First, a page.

We have all heard about major companies falling victim to phishing attacks, but for some reason, many of us think that our businesses won’t be affected. Why is this? Perhaps a certain ignorance to the rising problem of phishing attacks, or maybe your company has put measures in place already to deal with such a problem should it arise.
Many experts agree that a lack of knowledge about phishing attacks is the problem. And it’s not just the main IT department that need to be aware of the issue, but all employees within the company so that if they are targeted, they know how to respond to the phishing email.
Statistics from a UK website are indicative of a worldwide trend. It stated that 44% of IT professionals declared that their employees were their company’s “biggest spear phishing liability”. No one is safe from these attacks; 44% of attacks targeted IT staff, 43% were targeted at finance staff and 29% sales staff. CEOs were also targeted by 27% of total attacks.
And it really is a problem your business should be facing. 84% of respondents in the survey admitted that their network had been successfully breached by a phishing attack in the last year. Additionally, 90% of these attacks came via email, 48% via mobile platforms and 40% via social networks. It’s a threat your business can’t ignore.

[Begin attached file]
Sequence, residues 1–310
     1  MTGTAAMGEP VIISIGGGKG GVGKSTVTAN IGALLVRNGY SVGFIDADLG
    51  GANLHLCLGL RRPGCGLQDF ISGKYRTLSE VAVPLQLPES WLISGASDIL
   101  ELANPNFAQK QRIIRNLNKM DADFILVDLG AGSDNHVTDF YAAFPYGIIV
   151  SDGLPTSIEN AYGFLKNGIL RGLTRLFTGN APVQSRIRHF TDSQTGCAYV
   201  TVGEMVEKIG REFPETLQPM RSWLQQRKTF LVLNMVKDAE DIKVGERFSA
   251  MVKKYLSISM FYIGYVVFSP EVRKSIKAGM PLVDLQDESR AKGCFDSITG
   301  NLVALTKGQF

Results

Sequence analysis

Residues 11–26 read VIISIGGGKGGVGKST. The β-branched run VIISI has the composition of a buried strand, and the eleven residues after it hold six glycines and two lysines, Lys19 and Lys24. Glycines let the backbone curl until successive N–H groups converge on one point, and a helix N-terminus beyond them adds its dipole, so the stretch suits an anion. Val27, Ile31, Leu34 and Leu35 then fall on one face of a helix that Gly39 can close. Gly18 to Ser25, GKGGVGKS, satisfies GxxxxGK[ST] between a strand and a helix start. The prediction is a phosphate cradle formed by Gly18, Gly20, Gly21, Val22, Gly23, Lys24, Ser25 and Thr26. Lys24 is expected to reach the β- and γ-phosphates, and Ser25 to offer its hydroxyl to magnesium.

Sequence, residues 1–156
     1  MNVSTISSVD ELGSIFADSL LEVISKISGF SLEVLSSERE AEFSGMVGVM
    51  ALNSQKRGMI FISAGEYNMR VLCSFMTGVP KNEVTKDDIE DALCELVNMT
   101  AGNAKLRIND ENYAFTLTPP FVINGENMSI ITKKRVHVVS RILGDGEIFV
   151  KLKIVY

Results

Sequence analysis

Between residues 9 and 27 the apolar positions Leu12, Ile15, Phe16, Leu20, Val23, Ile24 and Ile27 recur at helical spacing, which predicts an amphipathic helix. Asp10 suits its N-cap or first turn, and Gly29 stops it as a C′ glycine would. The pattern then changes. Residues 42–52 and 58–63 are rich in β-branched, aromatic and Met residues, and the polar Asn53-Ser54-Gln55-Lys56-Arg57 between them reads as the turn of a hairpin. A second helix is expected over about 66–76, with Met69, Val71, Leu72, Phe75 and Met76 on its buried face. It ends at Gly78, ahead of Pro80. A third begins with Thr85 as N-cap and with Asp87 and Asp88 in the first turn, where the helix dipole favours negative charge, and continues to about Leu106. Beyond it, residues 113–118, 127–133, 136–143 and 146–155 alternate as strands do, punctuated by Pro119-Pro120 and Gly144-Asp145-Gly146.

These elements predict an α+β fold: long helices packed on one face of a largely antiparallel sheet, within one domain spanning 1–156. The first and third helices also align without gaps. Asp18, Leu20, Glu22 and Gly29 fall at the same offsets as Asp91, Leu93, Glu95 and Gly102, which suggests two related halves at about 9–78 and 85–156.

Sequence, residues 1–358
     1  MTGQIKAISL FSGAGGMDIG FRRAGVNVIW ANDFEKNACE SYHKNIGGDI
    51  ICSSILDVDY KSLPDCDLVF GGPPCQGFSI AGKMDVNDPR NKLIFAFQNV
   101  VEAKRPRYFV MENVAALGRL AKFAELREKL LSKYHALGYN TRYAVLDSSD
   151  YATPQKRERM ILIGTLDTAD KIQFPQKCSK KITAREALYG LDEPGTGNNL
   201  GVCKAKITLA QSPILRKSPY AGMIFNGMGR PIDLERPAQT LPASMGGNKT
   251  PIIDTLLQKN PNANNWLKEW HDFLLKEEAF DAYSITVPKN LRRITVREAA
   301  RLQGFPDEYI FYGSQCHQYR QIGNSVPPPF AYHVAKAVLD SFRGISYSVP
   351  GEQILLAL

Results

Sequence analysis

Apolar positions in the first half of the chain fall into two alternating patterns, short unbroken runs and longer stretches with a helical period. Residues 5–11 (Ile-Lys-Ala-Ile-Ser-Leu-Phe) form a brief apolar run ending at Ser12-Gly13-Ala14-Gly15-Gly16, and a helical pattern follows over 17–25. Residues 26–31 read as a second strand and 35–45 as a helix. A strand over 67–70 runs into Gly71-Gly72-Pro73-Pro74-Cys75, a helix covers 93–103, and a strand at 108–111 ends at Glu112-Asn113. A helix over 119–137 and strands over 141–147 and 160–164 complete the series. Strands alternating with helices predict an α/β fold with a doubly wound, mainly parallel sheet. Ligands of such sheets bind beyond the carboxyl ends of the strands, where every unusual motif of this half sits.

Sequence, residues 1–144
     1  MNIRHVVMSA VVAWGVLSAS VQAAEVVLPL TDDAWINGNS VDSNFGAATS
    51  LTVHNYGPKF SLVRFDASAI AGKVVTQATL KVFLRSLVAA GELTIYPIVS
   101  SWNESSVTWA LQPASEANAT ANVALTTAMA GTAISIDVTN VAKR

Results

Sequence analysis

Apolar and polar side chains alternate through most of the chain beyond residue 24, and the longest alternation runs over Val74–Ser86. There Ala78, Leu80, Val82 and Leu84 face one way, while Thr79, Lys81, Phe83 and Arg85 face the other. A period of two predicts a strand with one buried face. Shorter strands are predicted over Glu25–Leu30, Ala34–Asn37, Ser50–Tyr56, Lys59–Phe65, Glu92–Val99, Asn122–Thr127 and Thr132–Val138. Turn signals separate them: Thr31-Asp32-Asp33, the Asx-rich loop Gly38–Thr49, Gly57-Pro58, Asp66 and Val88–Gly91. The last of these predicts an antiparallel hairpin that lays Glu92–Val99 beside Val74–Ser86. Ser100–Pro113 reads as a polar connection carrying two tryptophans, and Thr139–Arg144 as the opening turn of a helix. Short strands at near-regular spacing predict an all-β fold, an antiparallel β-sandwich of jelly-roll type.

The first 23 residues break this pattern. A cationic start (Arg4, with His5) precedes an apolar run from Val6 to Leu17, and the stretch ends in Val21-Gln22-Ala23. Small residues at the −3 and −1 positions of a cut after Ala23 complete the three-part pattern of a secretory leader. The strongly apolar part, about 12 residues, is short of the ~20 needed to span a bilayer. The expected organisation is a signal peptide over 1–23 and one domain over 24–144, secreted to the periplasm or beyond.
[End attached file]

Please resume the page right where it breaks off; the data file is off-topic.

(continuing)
So, what can you do? The first call of action is to inform yourself and your employees on the nature of phishing attacks, what a phishing email can look like, and what to do if anyone receives an email that they believe could be suspicious. Perhaps hold a companywide meeting, or send around a comprehensive phishing information pack.
The next thing to do is prepare a plan for if your company security is breached. Look at what other major companies have done in the wake of a phishing attack – Wonga for instance set up a fraud hotline to help customers who were concerned that they had fallen victim to a scam that was using Wonga’s brand image to dupe web users. Wonga also released information quickly on its website to inform even those unaffected so that they could watch out for any suspicious message coming their way.
You’ll want to maintain customer trust in your brand, which can sometimes be affected if you have not responded well to a phishing attack. Always keep customers at the forefront of your minds – have back up servers available to move data for its own protection if you need to. If your employees’ data is at risk, you’ll want to transfer this too. Also, remember to get an expert’s advice on email spam filters and so on.
Remember – you are not untouchable. Hackers are finding new and sophisticated ways of getting around spam filters and tricking employees and customers into falling for their latest scams. Be informed and prepared and your business is better versed to deal with any future phishing problems.